Lee also saw God’s love demonstrated at church and the warmth moved her. 

“I was introduced to a befriender. She followed me everywhere, making sure I was comfortable. She took me to the welcome corner and everyone was so nice to me. 

“When the befriender can’t be there, she gets someone else. I told her, ‘No need. I can manage on my own.’ But she always insists. She is so nice that I sometimes feel embarrassed. 

“Now, she sits with me during the service. When the pastor says something in English I don’t understand, I ask her and she would explain.” 

Lives changed

Since becoming a Christian, Lee has seen herself change. 

“Ever since I attended the church, I’m calmer. I also noticed a difference in my husband. He used to oppose my going to church. Now, he doesn’t.

“I’ve been praying to God, ‘Please let him believe.’ He’s even gone with me once to see Samuel in class.”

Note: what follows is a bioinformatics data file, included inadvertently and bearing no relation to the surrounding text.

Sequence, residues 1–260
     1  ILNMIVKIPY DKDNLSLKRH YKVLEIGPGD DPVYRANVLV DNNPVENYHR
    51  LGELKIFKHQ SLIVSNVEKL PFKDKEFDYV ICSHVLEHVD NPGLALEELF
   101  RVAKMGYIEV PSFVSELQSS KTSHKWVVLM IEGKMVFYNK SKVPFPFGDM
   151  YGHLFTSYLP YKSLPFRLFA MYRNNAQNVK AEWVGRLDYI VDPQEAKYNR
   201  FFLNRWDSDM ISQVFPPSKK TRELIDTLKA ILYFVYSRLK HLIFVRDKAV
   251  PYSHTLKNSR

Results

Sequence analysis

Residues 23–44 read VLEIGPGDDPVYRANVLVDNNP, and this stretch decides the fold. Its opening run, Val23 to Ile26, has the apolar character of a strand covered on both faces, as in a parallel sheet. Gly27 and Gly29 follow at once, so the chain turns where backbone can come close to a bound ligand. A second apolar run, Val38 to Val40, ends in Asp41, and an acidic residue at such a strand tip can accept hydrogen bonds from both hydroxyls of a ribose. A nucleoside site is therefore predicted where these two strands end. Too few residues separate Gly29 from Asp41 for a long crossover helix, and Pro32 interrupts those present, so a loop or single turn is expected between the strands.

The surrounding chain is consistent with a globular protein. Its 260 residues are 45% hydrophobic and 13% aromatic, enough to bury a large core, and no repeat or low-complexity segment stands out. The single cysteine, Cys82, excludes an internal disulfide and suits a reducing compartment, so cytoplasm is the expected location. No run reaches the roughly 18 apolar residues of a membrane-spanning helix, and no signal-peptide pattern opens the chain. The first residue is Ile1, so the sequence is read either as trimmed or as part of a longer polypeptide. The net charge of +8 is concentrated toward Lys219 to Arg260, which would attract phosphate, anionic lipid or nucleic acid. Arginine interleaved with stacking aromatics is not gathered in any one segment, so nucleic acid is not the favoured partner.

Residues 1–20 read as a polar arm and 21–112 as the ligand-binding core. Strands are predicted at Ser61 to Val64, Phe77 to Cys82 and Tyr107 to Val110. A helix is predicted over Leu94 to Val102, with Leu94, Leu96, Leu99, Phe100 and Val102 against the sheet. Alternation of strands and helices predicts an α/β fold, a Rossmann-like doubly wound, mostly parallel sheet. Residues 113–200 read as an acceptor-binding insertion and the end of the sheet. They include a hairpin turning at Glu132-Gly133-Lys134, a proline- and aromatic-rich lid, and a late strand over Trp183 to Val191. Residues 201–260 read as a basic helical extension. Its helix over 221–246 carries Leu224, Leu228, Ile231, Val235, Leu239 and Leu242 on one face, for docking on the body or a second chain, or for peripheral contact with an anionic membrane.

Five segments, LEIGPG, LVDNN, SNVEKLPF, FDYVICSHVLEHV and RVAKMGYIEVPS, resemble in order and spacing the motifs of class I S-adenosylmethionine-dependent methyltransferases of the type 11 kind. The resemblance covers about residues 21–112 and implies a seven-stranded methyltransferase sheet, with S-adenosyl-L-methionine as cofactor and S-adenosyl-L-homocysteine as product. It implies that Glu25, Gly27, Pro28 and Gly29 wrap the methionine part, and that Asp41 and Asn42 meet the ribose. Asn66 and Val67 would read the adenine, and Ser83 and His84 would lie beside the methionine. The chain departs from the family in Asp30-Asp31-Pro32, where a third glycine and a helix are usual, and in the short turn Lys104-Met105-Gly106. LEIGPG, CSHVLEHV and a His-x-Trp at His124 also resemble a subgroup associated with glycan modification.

She is hoping she can start classes to prepare herself for baptism in church once they can meet physically again.

The hope for Lee now is that the rest of her family will join her at COOS.

Lee has also seen Samuel change. He used to be given to bouts of anger.

“He would shout and pick fights with his older brother. Even though his brother tries to keep the peace by ignoring him, he would continue to provoke him.

“He can’t be reasoned with when he gets like this. So we would beat him.”

Now, with the counsel of teachers from COOS – “talk to him calmly and if he gets worked up, pray” – and the examples of other mums with children with special needs who “speak nicely to their kids”, Lee has learnt to manage Samuel more calmly.

Her son has, in turn, become “more obedient”. The temper tantrums have also subsided.

The hope for Lee now is that the rest of her family will become Christians and join her at COOS.

“I won’t force them. I will wait.”

When a plea for God to “take over” becomes a journey of blessing for parents of kids with special needs

“The gift is still from God”: Letters of Grace family on choosing to keep their special needs child

A divine exchange: When God showed one mother how He saw her special son

About the author

Christine Leow

Christine believes there is always a story waiting to be told. This led to a career in MediaCorp News scripting and producing news, current affairs programmes and documentaries. Christine is now a Senior Writer at Salt&Light. Her idea of a perfect day has to do with a big mug of tea, a bigger muffin and a good book.